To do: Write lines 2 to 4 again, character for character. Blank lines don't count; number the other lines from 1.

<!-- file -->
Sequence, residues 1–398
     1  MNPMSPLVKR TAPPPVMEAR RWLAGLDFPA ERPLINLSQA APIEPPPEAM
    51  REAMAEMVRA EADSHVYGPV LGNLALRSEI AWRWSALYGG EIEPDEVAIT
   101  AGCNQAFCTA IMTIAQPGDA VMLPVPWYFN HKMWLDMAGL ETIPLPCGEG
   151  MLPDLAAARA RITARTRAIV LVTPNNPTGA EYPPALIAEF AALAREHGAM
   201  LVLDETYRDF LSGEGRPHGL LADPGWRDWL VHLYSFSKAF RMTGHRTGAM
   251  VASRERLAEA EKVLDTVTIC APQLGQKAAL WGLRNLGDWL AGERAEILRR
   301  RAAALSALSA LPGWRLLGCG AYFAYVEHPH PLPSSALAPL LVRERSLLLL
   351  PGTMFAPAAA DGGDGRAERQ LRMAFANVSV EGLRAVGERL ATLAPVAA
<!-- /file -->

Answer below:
     1  MNPMSPLVKR TAPPPVMEAR RWLAGLDFPA ERPLINLSQA APIEPPPEAM
    51  REAMAEMVRA EADSHVYGPV LGNLALRSEI AWRWSALYGG EIEPDEVAIT
   101  AGCNQAFCTA IMTIAQPGDA VMLPVPWYFN HKMWLDMAGL ETIPLPCGEG